Early on in 2016 when the team at Healthcare Informatics started discussing ways to enhance our Healthcare Informatics 100 list—a compilation of the top health IT companies based on HIT revenues from the most recent fiscal year—there was a common desire amongst the editorial and marketing teams, and, other leaders at our company to make this year more about healthcare IT thought leadership. After all, it’s the vendor community’s knowledgeable leaders that in so many ways impact how the health IT landscape shifts.
HCI hit the ground running with this notion at the Healthcare Information and Management Systems Society (HIMSS) conference in Las Vegas earlier this year, setting up on-site video interviews with various thought leaders from vendors that made last year’s list. The videos were a huge hit across the industry, as vendor executives answered questions about the most significant trends that are currently impacting the health IT environment. For those companies that did partake in this process, their videos were featured with their listing this year.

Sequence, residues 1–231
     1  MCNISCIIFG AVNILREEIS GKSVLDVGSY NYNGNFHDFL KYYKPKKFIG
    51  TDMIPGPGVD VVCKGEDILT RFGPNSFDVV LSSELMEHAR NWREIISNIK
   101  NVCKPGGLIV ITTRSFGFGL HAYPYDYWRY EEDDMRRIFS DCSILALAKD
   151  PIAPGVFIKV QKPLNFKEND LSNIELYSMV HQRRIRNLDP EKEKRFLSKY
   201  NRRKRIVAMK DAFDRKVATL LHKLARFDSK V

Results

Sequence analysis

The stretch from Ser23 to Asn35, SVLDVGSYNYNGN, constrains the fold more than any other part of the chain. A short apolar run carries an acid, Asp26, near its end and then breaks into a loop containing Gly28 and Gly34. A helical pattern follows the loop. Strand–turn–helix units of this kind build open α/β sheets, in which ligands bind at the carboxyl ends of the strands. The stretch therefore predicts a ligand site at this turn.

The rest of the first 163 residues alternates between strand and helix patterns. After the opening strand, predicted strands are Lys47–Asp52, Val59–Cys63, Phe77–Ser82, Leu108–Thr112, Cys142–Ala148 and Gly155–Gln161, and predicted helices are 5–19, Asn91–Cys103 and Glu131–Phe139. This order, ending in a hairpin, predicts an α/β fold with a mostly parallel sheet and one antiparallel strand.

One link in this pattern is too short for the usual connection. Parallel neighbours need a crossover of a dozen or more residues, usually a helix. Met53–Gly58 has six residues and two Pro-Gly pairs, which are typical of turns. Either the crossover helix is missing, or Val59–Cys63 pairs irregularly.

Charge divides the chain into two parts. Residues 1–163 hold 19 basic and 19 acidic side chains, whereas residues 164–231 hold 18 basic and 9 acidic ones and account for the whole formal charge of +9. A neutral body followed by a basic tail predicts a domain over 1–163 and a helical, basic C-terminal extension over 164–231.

What’s more, for the first time ever, vendors were asked to estimate the percentage of revenue earned in all of their product segments. The product segment breakouts were displayed in pie chart form, as were the percentages of the major revenues served by each company (example below). We plan to do more breakout lists in June based on the product percentage data that vendors offered us, so stay tuned!
In addition, thanks to some great work by the Healthcare Informatics web team, we were able to show year-over-year revenue changes for each company that filled out the appropriate data. The Healthcare Informatics 100 list is undoubtedly a unique industry offering, and has been compiled for more than 20 years, but we think that these enhanced visual features make for a much better reader experience, and also more accurately depicts the trends that we are seeing in the HIT marketplace.